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KD's "Complicated" WCO

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One of the litany of excuses we have been hearing from blindos during last two years is about how complicated Dorrell's West Coast Offense (WCO) really is.  It takes time for college kids to learn that pro-set WCO.  Dorrell did not have his OC of choice when he took over at UCLA (which begs the question - then why did he hire someone whose philosophy he never really agreed with). So that's why it hasn't panned out really so far.  But it will certainly break out this year ... on and on and on.

Yet one question UCLA fans perhaps should ask - why the hell are we running a WCO in the first place? Why are we running a WCO, when we seemed to be doing fine without it during the McNowne era?  Why can't we just run an offense that still uses a lot of spread formations, balances the running and passing games, but simplifies it - using everyone's skills - from TBs, FBs to all receivers. Heismanpundit has a really interesting observation on this, while he wrote about 6 most explosive offenses in the college game ("Gang of Six"), none of whom BTW are using KD's WCO:

The Gang of Five does not run the traditional West Coast Offense, which is a very complicated system that has rarely worked in college (see Paul Hackett, Bill Callahan and soon to be Charlie Weis). The WCO as we know it comes primarily from Bill Walsh and the 49ers (though some would argue with that, and I wouldn't necessarily object). The styles exhibited by the Gang of Five--all different from each other in a few ways, but all related by philosophy--come from the lineage of Don Coryell and Norm Chow--the two wide-open offense gurus of the early 1980s. Whereas in the WCO, the quarterback and the receiver must both make reads and adjustments from a playbook the size of a phone book--a dicey proposition for most 19-year-old college players--most of the adjustments in the Gang of Five offenses are made by either the quarterback alone or the receiver alone from a few basic formations. In other words, the implementation is simple. Hence, the execution bears more fruit.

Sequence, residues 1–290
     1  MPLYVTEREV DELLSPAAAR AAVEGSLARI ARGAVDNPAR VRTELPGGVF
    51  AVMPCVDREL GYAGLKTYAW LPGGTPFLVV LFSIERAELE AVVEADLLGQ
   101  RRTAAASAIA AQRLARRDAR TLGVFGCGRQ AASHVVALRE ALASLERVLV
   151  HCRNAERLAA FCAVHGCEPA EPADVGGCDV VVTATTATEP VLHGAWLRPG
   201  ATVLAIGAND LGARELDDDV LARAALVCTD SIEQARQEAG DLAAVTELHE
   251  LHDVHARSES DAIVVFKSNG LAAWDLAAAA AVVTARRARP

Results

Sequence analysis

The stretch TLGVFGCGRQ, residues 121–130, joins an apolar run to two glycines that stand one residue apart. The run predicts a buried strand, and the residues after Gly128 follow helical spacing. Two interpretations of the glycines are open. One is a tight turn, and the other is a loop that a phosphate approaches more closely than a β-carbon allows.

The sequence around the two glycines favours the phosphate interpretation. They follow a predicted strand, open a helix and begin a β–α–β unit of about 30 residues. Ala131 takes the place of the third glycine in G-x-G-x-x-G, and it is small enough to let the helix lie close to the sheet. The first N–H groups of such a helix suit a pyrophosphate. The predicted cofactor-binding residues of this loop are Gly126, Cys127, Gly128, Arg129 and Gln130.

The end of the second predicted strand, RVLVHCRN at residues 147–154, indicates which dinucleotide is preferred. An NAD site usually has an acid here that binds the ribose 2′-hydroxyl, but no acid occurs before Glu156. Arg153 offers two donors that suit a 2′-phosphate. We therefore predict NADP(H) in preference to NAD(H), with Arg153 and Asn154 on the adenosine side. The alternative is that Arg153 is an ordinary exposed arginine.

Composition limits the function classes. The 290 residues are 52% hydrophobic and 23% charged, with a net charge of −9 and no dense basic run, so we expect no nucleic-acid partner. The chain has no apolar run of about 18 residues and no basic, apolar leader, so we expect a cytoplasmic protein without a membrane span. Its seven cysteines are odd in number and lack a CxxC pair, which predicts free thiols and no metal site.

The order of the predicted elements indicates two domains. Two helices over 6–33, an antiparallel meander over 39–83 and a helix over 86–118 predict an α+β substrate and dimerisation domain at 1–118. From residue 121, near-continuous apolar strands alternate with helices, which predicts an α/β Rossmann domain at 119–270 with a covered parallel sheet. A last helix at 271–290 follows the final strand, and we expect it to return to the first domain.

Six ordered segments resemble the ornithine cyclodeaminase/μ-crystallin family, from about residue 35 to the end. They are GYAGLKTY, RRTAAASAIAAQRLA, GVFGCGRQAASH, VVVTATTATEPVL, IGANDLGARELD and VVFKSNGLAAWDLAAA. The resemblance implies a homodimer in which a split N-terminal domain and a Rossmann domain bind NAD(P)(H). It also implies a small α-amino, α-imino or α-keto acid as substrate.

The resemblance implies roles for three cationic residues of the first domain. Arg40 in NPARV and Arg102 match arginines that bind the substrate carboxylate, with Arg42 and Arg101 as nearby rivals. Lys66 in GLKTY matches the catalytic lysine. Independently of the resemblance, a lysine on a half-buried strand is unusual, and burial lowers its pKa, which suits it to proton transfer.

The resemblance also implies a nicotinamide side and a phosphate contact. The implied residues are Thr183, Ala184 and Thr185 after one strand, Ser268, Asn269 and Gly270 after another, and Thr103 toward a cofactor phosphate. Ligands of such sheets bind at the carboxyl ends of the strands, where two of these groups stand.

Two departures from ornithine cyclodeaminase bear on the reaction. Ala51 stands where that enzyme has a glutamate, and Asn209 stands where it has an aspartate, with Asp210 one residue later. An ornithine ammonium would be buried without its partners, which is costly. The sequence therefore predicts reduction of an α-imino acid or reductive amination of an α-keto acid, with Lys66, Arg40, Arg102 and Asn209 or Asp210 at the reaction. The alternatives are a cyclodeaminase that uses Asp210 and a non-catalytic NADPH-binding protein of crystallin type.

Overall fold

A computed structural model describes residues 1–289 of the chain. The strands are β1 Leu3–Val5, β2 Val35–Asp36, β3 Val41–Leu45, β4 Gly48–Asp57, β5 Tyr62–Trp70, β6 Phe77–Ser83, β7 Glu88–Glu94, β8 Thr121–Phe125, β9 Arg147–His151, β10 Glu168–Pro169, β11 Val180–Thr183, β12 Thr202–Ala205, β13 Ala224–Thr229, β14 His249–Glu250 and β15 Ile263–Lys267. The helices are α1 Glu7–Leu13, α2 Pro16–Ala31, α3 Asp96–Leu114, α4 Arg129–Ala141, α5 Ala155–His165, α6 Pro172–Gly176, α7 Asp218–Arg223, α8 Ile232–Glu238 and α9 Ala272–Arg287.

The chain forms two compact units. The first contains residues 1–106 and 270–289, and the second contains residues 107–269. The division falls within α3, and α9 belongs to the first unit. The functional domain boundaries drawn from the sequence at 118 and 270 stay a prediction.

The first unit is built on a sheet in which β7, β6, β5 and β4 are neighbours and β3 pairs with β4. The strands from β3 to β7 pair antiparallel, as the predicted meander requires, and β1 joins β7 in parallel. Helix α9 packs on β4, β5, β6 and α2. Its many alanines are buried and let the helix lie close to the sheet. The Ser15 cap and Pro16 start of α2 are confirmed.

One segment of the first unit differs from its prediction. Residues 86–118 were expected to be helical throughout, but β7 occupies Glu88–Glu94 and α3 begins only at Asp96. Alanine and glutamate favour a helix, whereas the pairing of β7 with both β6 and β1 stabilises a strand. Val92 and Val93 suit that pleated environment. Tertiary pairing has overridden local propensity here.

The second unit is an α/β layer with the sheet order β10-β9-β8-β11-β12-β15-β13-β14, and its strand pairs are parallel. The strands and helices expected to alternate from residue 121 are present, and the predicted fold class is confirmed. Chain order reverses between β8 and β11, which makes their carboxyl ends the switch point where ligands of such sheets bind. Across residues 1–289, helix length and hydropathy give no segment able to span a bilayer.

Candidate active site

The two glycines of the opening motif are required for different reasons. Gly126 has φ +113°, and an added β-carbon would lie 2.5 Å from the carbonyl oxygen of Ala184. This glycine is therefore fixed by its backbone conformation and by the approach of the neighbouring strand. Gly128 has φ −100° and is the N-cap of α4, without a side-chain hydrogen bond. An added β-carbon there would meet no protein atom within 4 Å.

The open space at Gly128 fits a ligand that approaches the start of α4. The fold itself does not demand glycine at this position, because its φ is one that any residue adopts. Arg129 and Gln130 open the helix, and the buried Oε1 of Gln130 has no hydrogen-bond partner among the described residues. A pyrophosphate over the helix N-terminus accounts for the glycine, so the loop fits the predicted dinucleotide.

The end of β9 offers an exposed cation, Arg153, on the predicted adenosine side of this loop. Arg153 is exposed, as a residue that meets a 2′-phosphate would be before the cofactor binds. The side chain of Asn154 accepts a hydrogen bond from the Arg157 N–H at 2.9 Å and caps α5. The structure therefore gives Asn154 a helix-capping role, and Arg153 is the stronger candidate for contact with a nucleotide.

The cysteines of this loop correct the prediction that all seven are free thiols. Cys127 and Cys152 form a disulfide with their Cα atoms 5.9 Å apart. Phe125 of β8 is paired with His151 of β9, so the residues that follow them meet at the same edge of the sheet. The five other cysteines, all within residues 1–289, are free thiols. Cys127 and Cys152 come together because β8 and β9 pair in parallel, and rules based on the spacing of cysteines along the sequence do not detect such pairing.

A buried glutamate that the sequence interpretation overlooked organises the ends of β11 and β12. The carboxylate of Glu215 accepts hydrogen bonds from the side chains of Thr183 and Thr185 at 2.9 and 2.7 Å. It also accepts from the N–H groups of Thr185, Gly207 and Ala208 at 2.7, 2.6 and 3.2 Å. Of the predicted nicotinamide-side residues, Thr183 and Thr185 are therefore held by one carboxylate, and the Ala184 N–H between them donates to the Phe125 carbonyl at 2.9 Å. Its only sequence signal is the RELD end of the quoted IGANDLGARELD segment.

So ... why again are we pushing to implement this WCO?  If it really takes a college kid like Drew Olson three years to get completely comfortable in this "complicated" WCO, are we going to go through the same learning curve nonsense with Ben Olson, when he takes over next year, while having getting comfortable with whole new set of cast of receivers, who will also be learning this offense?

Of course you will have some idiots trying to argue how KD's WCO offense showed a lot of promise in his second season, when he finally got to work with an OC like Tom Cable he is totally in sync with.  But then again if you look closely into our last year's offensive statistics, you will find how inflated those so called improvements really were in Dorrell's second season. Back in January, I did the analysis of the so called improvement in KD's WCO in his second season.  Moreover, lot of our rushing stats was totally inflated in the first half of the season because of the monster game Drew enjoyed against the Hapless Huskies up in Seattle.  So really there wasn't much to write home about KD's WCO in his less than average 6-7 second season

So again, why the hell are we trying out this offense which really hasn't been successful at the college level?  If this offense is so freaking complicated, why not simplify it? It seems like all the other explosive college offenses are sophisticated, but there is noting complicated about them unlike KD's quantum physics based WCO. Anyone have any answers?